Ryan Cramer: We were buzzing through topics just before, so just 10 minutes prior. No, we're going to recap a little bit. But no, I'm just super excited. Before we get started, people haven't... if they haven't heard of you, which they should already, you're based in Atlanta, correct? Atlanta, Georgia.
Gracey Ryback: Correct.
Ryan Cramer: Very cool. I'm in the Midwest. So I'm in Indianapolis. Not too far away from each other. Excuse me. So what's your background? I want to hear how we got to where you are today now with all those great products and your background. You're doing amazing stuff and you have millions of followers. Tell me that story, how it got started.
Gracey Ryback: Of course. So like you just said, I'm from Atlanta, Georgia. And I graduated from college in just, I guess two years ago, 2019. So after graduating college, and like I mentioned earlier, I studied psychology. And it wasn't because I was like, " Oh, I want to be a therapist when I grow up." It was because I loved the consumer aspect of psychology. I loved understanding why people bought the things that... What they go through in the buying process? What makes them buy? What makes them press the buy button? And that was something I was so interested in from the graphics and color, to just numbers of it all. So I did that and I actually got my start in sales, which to this day is still not my favorite thing. I don't know anybody who is like, my passion is cold calling. My passion is door to door. There's people out there, I'm sure, but it's just not me. I can't handle rejection like that. So I did that for a while after college. And then in the midst of it, I guess while I was working from home, I got on TikTok. My best friend actually told me about it. I was reluctant at first, like everyone else is. And like, oh, what is this app? I have no time. What is this about? And so I got onto it, like other people did and got addicted quick, like other people did. And I was just on the app all the time. So I started seeing other people have these accounts where they were sharing Amazon codes. And that was something that I was just doing regardless for myself personally. I would always use promo codes before I'd buy anything. I would look for deals on the things I was buying. And usually I'd be able to do some digging and find a good promo code or a deal where I'd save 50 to 70% off the products that I was buying anyway. And I was like, this is really cool. I'm saving a lot of money. Nobody else knows about this. And so I was like, I don't know, maybe I'll start an account, share some promo codes, maybe get a thousand followers, if I'm lucky, help people save money. And that was really my intentions behind starting everything. And that was the time where I was about to leave the Jordan Belfort company. It was around Christmas time last year when I actually did. And so it actually worked out really well, because that was about the time that I discovered how to monetize on social media. And so it was almost like a seamless transition where I was like, this job, this job. All right. I'm going to pursue this TikTok thing full time, see what I can make out of it. And now I'm my on your podcast.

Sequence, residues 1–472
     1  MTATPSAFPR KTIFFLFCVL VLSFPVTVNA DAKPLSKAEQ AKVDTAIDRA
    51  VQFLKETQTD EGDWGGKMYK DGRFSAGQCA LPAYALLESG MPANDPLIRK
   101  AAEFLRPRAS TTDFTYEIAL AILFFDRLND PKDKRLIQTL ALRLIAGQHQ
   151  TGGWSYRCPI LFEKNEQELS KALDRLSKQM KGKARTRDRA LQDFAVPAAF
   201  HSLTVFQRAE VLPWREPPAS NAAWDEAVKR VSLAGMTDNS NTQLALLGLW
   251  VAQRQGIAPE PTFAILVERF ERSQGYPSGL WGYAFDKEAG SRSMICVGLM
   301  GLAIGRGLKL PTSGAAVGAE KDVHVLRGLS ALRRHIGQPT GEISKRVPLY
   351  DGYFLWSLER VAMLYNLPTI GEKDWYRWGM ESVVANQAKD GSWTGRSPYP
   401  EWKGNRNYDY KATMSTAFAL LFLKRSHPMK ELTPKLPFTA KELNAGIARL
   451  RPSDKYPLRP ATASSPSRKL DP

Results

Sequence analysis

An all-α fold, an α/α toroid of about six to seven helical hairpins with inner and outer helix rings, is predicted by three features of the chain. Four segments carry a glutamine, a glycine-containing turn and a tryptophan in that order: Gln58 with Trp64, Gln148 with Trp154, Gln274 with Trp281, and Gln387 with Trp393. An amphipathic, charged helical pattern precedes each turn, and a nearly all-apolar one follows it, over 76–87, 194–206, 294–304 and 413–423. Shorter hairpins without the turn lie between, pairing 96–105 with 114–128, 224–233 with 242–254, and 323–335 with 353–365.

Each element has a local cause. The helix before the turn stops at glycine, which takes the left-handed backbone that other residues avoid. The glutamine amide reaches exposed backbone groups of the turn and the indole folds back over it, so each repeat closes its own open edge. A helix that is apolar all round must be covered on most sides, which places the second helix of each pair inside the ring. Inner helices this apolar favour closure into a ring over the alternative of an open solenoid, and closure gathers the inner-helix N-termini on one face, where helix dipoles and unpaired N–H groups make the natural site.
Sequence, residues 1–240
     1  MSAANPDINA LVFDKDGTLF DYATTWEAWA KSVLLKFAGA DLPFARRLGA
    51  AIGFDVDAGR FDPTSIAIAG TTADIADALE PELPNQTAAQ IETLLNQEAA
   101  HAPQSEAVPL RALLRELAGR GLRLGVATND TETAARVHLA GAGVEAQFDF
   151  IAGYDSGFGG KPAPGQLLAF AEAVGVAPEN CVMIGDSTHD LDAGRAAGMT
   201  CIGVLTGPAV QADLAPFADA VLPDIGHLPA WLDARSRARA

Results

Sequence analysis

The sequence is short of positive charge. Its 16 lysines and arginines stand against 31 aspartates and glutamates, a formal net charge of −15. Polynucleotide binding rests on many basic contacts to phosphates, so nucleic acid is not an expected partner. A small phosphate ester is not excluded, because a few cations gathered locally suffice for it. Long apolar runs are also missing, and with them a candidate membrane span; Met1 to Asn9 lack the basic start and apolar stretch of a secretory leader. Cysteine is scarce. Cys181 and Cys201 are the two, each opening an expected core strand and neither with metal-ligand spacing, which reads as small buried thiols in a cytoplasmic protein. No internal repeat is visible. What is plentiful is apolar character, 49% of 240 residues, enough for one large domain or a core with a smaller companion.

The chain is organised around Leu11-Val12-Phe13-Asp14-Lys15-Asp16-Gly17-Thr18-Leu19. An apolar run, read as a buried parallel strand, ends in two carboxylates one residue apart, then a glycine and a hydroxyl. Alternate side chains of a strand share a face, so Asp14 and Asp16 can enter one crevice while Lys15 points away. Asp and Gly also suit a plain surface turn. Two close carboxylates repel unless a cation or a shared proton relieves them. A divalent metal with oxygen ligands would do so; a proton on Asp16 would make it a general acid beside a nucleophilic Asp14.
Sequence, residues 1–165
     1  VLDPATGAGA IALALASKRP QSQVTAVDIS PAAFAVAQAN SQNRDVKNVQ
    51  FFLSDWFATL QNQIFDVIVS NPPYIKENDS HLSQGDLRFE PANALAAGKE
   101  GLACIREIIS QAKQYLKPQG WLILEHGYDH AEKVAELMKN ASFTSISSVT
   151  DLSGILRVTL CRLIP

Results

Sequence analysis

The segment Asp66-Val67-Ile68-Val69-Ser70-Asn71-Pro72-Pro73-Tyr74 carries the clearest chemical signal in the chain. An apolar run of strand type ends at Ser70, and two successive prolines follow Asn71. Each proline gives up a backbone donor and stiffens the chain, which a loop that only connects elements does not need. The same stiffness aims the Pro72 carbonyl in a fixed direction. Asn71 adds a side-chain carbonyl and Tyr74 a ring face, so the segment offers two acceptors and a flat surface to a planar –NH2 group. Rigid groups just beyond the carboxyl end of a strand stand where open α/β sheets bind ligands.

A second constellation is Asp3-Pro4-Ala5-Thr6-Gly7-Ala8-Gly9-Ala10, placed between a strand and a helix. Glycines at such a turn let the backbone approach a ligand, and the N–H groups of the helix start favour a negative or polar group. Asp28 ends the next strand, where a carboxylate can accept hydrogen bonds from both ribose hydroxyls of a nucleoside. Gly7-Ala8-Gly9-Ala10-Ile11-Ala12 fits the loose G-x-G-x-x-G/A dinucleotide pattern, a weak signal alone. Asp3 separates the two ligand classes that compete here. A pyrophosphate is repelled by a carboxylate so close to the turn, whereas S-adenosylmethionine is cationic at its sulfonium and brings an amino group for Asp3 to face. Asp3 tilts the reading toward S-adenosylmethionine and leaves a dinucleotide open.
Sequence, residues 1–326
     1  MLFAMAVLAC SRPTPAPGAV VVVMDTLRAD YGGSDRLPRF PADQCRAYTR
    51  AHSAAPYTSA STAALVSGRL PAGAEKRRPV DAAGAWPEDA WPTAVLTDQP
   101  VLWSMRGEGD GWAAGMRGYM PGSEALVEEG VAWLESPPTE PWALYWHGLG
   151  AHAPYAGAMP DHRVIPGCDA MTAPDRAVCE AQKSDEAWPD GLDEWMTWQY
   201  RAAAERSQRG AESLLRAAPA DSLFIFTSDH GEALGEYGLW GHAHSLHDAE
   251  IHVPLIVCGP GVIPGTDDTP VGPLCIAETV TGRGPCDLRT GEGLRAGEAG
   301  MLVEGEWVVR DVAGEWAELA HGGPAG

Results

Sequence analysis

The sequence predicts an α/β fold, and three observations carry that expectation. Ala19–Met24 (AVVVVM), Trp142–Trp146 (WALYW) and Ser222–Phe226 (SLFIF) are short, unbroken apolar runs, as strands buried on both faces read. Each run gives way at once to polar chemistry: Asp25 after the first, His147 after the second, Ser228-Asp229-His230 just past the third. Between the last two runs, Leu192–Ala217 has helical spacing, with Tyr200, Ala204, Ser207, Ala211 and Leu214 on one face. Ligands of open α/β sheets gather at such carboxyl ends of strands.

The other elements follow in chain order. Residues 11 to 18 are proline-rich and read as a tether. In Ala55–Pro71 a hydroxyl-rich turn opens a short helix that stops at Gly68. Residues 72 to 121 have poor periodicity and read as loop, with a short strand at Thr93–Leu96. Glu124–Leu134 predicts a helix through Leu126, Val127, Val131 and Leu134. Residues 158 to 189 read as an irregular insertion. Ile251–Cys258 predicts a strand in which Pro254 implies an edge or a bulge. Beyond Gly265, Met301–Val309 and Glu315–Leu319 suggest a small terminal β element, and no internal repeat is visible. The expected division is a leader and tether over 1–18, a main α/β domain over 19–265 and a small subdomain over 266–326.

Ryan Cramer: Well, that's an amazing thing too. Time gets sped up by technology and-
Gracey Ryback: It does.
Ryan Cramer: Your story sounds just very eerily similar. I was in newspaper industry in sales. I was let go in December of when I was there. Oh gosh, that was in 2014, so it was years ago. But then that's when I found my first next job. And I happened to relocate to Virginia where I found e- commerce. So your journey is eerily similar. And that's where I found affiliate marketing too, which is what we're talking about. Affiliate marketing for people listening through, they might think, oh, those are just people who click on ads and you make money. It's not simple as that. It's actually embedded right into Amazon's own platform. And that's what people are leaning into making money is using codes, using links, anything like that, but it's all trackable. So you found the Amazon Associates Program first to start. What was the first program you really got, hey, I can start making some serious money with affiliate marketing?